Posted in | News | Mechatronics

Researchers Discover Why Robotic Nano Gears Grind to a Halt

Scientists at the University of Arizona have procured information by measuring the attraction forces between atoms and surfaces. This development is expected to improve the way humans look at and understand atoms and nanotechnology. Details of the research results have been published in the Physical Review Letters.

Although the forces of Van der Waals are intrinsic in chemistry, biology and physics, their interactions are the weakest and hardly decipherable. However, this force can be felt strongly when using nanotechnology. According to Vincent Lonij, a research student of physics, this force of interaction can be made stronger by breaking up components into small atomic molecules. Lonij headed the research team at the university. If miniscule gears are fitted into a nano robot, they just gel together and come to a standstill.

In an endeavor to study this phenomenon, professor of physics, Alex Cronin led the team to design a setup that is used to measure interactions between an atom and a surface by deploying quantum mechanics. This helped them study the atoms both in the form of molecules and as waves. In the experiment, they passed the atom through a grate and measured the interaction crated when the atom touched the surface of the grate. This reaction attracted the atom to stick to the bars of the grate, which were pulled apart in the process. This further transformed the trajectory of the atom.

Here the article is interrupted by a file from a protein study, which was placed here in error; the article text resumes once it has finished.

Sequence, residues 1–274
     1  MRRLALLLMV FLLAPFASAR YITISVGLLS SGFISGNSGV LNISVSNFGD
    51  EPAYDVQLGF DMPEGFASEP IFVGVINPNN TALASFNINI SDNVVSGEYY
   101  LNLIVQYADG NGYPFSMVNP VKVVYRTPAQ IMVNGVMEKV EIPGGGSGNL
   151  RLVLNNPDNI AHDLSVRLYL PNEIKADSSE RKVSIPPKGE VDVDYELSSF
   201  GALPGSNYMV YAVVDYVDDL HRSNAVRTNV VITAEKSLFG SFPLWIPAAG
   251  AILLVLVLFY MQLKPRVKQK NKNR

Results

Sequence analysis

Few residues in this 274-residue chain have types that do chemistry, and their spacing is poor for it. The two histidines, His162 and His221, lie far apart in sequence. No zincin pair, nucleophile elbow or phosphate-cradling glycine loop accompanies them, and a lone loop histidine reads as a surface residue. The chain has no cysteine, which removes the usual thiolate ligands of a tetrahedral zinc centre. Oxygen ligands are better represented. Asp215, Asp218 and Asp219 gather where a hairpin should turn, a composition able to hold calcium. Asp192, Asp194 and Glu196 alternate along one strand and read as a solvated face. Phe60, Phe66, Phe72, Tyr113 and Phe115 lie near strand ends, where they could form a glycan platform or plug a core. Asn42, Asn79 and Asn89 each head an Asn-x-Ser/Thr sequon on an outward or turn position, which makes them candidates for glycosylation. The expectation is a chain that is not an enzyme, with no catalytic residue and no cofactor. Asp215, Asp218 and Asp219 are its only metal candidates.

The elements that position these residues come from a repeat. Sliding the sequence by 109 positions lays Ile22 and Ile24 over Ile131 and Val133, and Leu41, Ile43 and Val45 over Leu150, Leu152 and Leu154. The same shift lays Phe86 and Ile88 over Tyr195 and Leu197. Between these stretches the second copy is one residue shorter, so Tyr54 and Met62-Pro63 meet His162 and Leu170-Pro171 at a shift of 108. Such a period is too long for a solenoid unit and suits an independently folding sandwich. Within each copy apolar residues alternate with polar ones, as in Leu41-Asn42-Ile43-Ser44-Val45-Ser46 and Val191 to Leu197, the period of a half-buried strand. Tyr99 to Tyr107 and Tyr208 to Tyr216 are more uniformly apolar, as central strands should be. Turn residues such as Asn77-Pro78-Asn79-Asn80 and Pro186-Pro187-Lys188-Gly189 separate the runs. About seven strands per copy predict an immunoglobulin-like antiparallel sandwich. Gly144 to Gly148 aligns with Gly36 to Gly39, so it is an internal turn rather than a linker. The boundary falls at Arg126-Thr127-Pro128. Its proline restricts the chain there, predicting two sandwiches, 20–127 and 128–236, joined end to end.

Van der Waals force causes attraction between any two objects. An atom is made up of thousands of molecules, neutrons, electrons etc, making research on the atom tough. Each of these components is charged in a differently and to a different level. This difference is what constitutes the van-der-Waals force.

The electrons in an atom are negatively charged, while the protons are positively charged. However, they are not placed adjacent to each other. So when the atom is passed close to the grate, the negative and positive charges come together, causing the atom to jump around. The researchers tested different atoms for their reactions to the same surface. This method provides the direct ratio of potentials. It was also found that the electrons present at the inner core of the atom that orbit the nucleus impact the reaction of the atom to the surface of the grate. As it is not easy to measure the presence of electrons, a measure of the atom-surface potential can be used to measure the electrons in a reverse manner.

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